Well-known Quincy businessman, Clat Adams, offered to rent a three-room brick house on North 14th Street for $6 a month.

As the temperature dropped, the Quincy Fire Department responded to many house fires, sadly without the services of Pawnee Bill, one of its fire horses. The big black stallion had been a fixture at the Number 6 station for three years, but died of pneumonia contracted on a night run.

The Boy's Debating Club at Quincy High School on the southeast corner of 12th and Maine debated the question: "Resolved, that the United States Government should own and operate the railroads." The decision was in favor of the negative, 13 to 9.

Many Quincyans patronized the city's vaudeville theaters: The Bijou at 642-644 Hampshire and the Empire at 111-117 N. Eighth. In the days before Christmas, the "Old Soldier Fiddlers" (who were playing at The Bijou) packed Lippincott Hall at the Illinois Soldiers and Sailors Home as the quintet of two Confederate and three Union Army veterans played and sang war tunes from the conflict half a century earlier. The audience showed its appreciation by loud and long applause.

As the days grew shorter and Christmas grew closer, Quincyans young and old looked forward to the arrival of Saint Nicholas and the celebration of Christ's birth.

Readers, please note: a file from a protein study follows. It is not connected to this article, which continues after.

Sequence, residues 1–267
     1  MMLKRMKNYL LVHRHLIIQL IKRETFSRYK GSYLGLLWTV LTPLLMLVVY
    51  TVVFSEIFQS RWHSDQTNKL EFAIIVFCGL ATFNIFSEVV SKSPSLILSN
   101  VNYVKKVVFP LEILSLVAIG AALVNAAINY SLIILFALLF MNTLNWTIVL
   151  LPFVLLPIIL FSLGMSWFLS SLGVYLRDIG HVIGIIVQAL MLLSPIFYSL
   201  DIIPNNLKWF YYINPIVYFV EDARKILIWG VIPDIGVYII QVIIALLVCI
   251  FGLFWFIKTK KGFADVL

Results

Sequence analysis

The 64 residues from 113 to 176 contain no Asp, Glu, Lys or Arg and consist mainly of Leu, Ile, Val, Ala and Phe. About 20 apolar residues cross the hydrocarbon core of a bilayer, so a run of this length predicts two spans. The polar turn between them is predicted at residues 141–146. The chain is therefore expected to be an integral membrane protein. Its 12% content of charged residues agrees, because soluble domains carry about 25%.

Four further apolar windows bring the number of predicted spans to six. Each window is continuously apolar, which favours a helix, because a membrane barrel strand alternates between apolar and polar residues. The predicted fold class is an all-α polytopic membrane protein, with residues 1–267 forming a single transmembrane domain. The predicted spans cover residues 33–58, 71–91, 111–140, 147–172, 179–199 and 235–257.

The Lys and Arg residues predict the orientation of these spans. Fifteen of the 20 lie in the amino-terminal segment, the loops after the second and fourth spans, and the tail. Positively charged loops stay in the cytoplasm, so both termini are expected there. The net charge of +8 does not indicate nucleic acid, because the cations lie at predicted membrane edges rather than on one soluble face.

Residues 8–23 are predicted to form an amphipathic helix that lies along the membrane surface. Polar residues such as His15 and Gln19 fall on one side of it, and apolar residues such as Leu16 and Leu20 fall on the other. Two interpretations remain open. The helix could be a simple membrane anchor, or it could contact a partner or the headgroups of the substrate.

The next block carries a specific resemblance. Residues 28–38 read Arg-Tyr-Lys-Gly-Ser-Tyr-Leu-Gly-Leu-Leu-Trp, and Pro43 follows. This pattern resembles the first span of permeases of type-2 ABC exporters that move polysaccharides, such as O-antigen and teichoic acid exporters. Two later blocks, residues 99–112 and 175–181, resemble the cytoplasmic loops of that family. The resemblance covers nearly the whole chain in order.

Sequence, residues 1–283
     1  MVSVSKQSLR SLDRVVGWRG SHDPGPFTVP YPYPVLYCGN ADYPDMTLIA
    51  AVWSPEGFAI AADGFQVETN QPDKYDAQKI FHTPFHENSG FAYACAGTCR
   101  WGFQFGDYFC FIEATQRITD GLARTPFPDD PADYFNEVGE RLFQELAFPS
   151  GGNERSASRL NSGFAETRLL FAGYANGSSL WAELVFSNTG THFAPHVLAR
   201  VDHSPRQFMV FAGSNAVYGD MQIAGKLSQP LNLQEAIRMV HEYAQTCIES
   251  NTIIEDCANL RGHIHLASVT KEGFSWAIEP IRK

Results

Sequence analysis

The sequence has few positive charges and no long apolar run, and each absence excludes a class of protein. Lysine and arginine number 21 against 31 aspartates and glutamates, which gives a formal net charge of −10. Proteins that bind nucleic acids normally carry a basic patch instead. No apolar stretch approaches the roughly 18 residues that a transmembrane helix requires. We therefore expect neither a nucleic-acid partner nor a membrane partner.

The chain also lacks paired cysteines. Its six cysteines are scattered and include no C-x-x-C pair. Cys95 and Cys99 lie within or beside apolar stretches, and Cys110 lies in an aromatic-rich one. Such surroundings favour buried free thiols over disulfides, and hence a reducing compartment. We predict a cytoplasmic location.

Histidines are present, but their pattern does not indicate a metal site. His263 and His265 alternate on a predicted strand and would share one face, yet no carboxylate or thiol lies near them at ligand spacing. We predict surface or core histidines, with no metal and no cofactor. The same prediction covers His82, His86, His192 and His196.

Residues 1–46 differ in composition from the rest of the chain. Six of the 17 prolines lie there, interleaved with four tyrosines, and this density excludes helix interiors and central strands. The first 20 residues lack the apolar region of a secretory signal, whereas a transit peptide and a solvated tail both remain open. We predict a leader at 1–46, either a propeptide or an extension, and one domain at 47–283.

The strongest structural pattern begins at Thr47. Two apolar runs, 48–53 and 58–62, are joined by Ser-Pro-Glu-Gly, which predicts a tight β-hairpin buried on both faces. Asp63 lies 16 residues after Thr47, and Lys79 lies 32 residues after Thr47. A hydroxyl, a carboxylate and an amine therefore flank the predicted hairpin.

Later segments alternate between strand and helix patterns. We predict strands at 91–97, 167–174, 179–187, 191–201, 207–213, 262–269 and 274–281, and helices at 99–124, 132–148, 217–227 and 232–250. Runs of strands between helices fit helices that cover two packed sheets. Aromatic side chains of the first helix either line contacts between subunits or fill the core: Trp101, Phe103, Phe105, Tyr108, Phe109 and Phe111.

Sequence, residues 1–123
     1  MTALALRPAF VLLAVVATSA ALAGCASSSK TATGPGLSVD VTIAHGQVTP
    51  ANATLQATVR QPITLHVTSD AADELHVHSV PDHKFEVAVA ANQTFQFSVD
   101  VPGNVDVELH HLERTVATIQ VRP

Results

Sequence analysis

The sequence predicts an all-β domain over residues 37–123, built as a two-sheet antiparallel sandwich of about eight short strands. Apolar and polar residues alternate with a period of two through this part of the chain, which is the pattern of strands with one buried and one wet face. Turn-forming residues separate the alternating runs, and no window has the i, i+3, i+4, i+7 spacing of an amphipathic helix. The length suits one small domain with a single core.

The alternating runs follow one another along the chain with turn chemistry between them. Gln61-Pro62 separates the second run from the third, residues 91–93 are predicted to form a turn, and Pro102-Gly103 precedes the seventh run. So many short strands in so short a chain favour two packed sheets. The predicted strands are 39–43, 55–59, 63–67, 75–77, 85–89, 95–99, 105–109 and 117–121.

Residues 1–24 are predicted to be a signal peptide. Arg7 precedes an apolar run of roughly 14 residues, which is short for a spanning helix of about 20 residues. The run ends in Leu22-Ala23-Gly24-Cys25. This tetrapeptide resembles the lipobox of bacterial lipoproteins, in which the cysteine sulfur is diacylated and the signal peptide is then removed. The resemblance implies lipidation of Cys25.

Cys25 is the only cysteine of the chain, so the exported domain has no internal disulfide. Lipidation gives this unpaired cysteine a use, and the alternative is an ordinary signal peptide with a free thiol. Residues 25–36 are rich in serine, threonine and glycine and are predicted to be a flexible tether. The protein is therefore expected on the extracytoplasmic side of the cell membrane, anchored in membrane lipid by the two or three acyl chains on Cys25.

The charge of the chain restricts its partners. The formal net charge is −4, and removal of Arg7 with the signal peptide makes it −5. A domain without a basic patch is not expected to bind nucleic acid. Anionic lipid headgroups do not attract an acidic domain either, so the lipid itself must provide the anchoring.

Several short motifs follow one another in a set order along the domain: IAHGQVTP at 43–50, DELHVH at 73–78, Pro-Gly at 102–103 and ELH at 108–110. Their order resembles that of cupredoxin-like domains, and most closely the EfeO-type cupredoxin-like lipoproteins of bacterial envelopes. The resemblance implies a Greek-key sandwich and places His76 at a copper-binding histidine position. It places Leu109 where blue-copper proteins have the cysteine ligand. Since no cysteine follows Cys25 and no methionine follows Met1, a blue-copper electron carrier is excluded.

"Christmas in Quincy 100 Years Ago" will continue with Part II in next Sunday's column.


Phil Germann is retired executive director of the Historical Society, having served 19 years. He is a former history teacher, a local historian and speaker, a member of several history-related organizations and a civic volunteer.



Quincy Daily Journal. December 1, 1912, through January 3, 1913.

Quincy Daily Whig. December 1, 1912, through January 3, 1913.



The public is invited to enjoy another Quincy Christmas tradition tonight.

The John Wood Mansion will be open from 6 to 8 p.m. this evening for the first of four free Christmas Candlelight Tours this month. Sponsored by the Quincy Herald-Whig, the tours are open to the public free of charge.

The Historical Society of Quincy and Adams will have refreshments available at the society's nearby Visitors Center throughout the evening.

Music will fill the mansion with area children's choirs furnishing carols from during part of the tours of the 177-year-old Greek Revival mansion at 12th and State Streets. Other tour dates are Dec. 19, 26 and 27.